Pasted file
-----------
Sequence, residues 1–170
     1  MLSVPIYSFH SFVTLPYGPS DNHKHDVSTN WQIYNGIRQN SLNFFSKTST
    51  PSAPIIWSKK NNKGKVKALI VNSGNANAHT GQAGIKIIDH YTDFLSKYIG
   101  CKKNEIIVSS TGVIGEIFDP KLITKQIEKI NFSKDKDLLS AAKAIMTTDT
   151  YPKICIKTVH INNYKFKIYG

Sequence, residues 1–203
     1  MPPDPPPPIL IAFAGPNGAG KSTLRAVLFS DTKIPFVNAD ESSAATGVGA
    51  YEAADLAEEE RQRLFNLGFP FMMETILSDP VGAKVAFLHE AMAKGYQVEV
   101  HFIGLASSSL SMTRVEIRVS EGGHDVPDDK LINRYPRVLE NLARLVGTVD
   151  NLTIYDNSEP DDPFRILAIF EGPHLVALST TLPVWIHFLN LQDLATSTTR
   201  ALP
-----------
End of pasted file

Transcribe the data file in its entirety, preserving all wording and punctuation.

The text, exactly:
Sequence, residues 1–170
     1  MLSVPIYSFH SFVTLPYGPS DNHKHDVSTN WQIYNGIRQN SLNFFSKTST
    51  PSAPIIWSKK NNKGKVKALI VNSGNANAHT GQAGIKIIDH YTDFLSKYIG
   101  CKKNEIIVSS TGVIGEIFDP KLITKQIEKI NFSKDKDLLS AAKAIMTTDT
   151  YPKICIKTVH INNYKFKIYG

Sequence, residues 1–203
     1  MPPDPPPPIL IAFAGPNGAG KSTLRAVLFS DTKIPFVNAD ESSAATGVGA
    51  YEAADLAEEE RQRLFNLGFP FMMETILSDP VGAKVAFLHE AMAKGYQVEV
   101  HFIGLASSSL SMTRVEIRVS EGGHDVPDDK LINRYPRVLE NLARLVGTVD
   151  NLTIYDNSEP DDPFRILAIF EGPHLVALST TLPVWIHFLN LQDLATSTTR
   201  ALP